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When Friends Move Away

One of the more difficult challenges a friendship can face is when one friend moves away. I personally experienced the difficulties that such a move causes when I moved away from a city where I had friendships of twenty years duration.  I discovered some hard facts about the effect of such a move. 

Fact: The burden for continued contact falls on the friend who leaves.  With the exception of a few calls made to me right after I moved, most of my friends assumed that I would be the one calling, writing or E-mailing. There is a logical reason for this.  When I left town I did not disrupt my friends’ usual social routine.  Yes, they initially missed me, but only one small cog had fallen out of their social machine and so, from their perspective, the machine was working just fine. On the other hand, having moved to a new area where I knew very few people, I initially felt lost.  I thought often about the friends I had left behind and missed them very much.  I called to maintain contact with my old friends, but the number of calls I made far exceeded the calls that came back to me.  Life continued as usual for my old friends and they had adjusted to my absence.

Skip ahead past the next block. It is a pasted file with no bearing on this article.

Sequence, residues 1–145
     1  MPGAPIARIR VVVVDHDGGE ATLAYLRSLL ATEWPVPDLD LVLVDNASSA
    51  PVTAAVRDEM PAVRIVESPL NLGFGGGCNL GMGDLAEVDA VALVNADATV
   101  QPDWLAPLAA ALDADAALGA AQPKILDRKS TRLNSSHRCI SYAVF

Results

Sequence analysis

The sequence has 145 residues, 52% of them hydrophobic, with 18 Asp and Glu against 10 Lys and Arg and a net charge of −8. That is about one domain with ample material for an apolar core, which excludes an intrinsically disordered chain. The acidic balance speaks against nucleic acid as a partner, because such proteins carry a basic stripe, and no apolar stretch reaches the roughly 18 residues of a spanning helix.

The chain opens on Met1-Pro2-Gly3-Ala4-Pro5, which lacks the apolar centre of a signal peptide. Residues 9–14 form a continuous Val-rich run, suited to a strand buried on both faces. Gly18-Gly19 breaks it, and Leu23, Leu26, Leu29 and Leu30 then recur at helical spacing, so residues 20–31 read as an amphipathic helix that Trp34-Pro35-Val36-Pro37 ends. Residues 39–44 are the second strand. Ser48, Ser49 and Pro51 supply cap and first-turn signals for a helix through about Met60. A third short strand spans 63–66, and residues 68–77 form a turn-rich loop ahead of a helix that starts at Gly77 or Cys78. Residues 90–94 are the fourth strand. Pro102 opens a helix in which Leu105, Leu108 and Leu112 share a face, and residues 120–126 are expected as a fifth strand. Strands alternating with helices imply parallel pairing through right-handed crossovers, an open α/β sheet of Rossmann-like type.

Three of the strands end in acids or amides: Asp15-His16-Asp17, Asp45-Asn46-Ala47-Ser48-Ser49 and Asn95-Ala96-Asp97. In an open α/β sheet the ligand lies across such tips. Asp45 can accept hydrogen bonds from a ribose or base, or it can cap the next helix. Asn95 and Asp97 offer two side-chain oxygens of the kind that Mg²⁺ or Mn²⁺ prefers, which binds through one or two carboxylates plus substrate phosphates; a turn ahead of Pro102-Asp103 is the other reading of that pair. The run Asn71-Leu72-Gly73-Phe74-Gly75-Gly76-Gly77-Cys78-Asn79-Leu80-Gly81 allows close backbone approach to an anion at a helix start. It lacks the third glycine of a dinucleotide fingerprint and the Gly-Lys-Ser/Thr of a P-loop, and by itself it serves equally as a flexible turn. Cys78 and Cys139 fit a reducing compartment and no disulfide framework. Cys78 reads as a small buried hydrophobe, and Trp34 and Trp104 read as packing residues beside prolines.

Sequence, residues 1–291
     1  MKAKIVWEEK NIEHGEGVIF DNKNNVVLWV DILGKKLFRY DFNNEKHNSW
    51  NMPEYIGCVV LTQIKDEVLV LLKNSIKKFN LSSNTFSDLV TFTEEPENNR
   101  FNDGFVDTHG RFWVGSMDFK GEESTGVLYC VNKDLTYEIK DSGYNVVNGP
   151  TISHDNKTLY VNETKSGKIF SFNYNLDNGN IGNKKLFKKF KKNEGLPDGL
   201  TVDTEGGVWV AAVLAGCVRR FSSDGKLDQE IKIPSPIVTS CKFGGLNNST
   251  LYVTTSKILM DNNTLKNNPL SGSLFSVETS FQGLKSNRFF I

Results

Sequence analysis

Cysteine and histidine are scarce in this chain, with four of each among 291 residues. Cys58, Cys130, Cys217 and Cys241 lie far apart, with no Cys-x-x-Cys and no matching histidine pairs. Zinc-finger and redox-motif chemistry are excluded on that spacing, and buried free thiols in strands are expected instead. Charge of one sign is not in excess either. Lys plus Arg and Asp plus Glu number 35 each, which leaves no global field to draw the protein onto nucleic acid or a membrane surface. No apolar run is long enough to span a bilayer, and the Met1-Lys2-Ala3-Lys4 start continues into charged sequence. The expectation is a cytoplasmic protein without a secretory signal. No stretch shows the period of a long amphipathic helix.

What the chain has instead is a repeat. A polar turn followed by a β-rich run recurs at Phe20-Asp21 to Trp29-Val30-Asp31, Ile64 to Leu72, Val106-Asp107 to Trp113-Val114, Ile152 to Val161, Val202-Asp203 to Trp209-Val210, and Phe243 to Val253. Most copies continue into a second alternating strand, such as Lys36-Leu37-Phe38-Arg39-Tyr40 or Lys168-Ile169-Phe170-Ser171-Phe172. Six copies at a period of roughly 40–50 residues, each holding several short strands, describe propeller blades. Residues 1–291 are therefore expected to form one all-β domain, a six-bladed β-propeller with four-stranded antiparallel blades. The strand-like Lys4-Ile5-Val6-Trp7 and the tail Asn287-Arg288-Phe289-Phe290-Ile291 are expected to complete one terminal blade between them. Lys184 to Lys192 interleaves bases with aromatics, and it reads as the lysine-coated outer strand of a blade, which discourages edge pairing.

Fact: Friends sometimes resent the person who moves away, interpreting it as a personal rejection.  They may not be consciously aware of their resentment, but the reaction is not uncommon. I discovered this when the wife of one of my friends described his reaction after I’d informed him I was moving. He said, “I feel like I was slapped in the face.”  When I asked her how she interpreted his remark, she said: “I think he feels abandoned by you.”